The cost of a CRM subscription is not the only component of CRM expense. Depending on the size of an organization and the complexity of requirements, there can be at least six different levels of CRM expenses.
Below is a chart and an associated table of CRM-related expenses for a hypothetical company with 50 CRM users over three years. The chart and table are embedded in this spreadsheet.
Feel free to save this as a Microsoft Excel spreadsheet or to make a copy in Google Sheets. You can plug in your user count and assumed per-user costs.
Explanations of each of the six expense items are below the table.
The 3-Year CRM Expense Pie
3-Year CRM Expense Table
|1. Structured CRM Buying Process||$17,500|
|2. Core CRM Subscription||$180,000|
|3. Add-on Product Subscription||$36,000|
|4. Implementation (One Time)||$50,000|
|5. CRM Administrator Salary||$120,000|
|6. Post-Implementation Modifications||$45,000|
1. A Structured CRM Buying Process
The CRM buying process is the smallest slice of the expense pie. Often it’s smaller a slice than it should be. If too little time and money are spent on this component — and if the right type of effort is not expended on this slice — the much larger pieces of the pie will result in less long-term value.
The assumption for this cost is loosely based on what we charge our clients for CRM strategy and selection services. However, unlike the other assumptions, our charges are not based on the number of users. Instead, they’re based on variables such as the number of interviewees, the number of systems, and the number of CRM functional areas to be addressed.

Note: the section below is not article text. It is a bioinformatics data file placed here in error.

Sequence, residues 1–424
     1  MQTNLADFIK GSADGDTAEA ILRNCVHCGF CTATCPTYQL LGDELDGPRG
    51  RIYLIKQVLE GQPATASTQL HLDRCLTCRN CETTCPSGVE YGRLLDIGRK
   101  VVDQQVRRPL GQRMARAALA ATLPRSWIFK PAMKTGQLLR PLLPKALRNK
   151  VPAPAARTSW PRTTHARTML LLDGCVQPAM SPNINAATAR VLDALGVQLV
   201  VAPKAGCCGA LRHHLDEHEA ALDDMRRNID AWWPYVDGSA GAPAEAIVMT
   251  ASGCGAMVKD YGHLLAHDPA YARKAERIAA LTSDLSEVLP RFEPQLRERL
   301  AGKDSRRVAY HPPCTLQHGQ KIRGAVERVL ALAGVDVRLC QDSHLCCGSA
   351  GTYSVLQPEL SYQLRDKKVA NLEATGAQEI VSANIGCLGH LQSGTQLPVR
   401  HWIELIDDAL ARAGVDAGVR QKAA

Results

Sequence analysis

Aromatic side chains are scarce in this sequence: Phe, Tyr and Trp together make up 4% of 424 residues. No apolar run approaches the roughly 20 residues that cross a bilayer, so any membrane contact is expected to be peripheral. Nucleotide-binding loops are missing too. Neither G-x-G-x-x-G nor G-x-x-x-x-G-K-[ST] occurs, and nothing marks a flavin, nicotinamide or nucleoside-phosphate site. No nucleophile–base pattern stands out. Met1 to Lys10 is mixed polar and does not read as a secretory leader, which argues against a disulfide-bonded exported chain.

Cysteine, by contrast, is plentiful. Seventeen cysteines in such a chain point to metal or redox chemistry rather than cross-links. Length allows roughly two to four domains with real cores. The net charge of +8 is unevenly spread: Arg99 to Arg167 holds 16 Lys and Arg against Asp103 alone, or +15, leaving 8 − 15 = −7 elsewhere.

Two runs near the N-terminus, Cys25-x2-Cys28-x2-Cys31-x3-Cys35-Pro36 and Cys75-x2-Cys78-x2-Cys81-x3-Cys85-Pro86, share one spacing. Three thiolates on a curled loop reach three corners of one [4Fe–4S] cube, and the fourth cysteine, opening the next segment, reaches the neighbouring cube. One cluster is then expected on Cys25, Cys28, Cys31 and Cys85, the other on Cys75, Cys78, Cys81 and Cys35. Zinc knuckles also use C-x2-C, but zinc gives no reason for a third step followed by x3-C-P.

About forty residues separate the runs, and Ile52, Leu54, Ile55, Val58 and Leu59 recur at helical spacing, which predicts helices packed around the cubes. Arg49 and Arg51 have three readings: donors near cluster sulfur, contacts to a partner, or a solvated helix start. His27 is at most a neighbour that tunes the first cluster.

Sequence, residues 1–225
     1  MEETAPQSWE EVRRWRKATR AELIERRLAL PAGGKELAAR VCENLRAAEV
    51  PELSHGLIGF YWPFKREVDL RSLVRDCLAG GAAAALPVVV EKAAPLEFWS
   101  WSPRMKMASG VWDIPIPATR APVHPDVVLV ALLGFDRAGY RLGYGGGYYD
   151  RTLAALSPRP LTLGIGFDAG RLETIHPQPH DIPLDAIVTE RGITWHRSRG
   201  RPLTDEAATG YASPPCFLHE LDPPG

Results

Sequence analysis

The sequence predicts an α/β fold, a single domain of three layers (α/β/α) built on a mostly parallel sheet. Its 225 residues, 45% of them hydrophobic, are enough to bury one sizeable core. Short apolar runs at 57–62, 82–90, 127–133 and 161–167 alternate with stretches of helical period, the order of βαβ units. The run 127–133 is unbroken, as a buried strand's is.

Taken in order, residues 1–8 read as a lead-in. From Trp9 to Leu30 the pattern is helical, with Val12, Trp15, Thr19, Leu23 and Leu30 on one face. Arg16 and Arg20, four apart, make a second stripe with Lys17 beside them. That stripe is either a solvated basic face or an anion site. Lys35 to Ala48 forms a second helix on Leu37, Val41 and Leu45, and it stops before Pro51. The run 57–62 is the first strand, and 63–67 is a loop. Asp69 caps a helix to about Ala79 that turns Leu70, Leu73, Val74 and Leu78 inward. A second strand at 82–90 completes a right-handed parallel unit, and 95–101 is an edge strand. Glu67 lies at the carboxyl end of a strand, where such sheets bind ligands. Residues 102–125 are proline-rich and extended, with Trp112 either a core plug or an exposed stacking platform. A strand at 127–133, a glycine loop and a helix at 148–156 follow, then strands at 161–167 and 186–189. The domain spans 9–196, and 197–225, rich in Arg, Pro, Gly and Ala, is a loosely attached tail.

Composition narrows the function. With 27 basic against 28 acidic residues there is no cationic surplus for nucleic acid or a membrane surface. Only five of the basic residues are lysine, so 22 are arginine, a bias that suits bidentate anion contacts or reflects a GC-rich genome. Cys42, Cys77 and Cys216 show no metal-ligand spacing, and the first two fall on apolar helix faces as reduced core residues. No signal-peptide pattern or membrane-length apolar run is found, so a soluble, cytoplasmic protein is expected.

2. Core CRM Subscription Expense
The core CRM subscription is the most predictable expense. CRM vendors publish pricing on their websites or provide pricing in a conversation. Negotiation skills can come into play with some, but not all, vendors. “Everything’s negotiable,” but only when communicating with a human.
We chose an arbitrary expense of $100 per user per month.
3. Add-on Product Subscription Expense
It’s not unusual for some or all CRM users to use one or more add-on products. There are thousands of CRM add-ons ranging from quoting tools to sales intelligence services to email integration apps.
Our assumption is an average expense of $20 per user per month.
4. The Initial CRM Implementation
A significant CRM expense can be the cost of the initial implementation. Some companies assign an IT person to the task. Some companies outsource the implementation to a CRM consulting firm.
In a post on the cost of CRM professional services, we provided an example of a multi-line item implementation estimate.
In the spreadsheet, we assumed $1,000 per user as the one-time implementation fee. This covers data migration, which can be the most expensive component of a CRM implementation.
It’s worth noting that an investment in #1, a structured buying process, can reduce the cost of implementation — as prioritized requirements will have already been identified and documented.
5. Ongoing Administration
Most organizations need at least a part-time CRM administrator. At a minimum, someone needs to manage users in the system, provide training and monitor data integrity.
It’s not unusual for a company with over 50 CRM users to require a full-time administrator. However, we assumed a part-time role.
Salary.com says a senior CRM administrator’s median salary in the U.S. is over $94,000.
We used $50,000 per year as the expense associated with a 50% FTE CRM administrator.
6. Post-Implementation Modifications
While a trained administrator can handle point-and-click tasks, many companies will work with a third party for developer-level tasks such as complex data migration, data integration, and implementing complex business logic.
There can be post-implementation projects that require a developer skillset.
CRM represents a significant investment for many companies. As such, it’s important not to scrimp on the upfront legwork, which is a small slice of the overall CRM expense pie.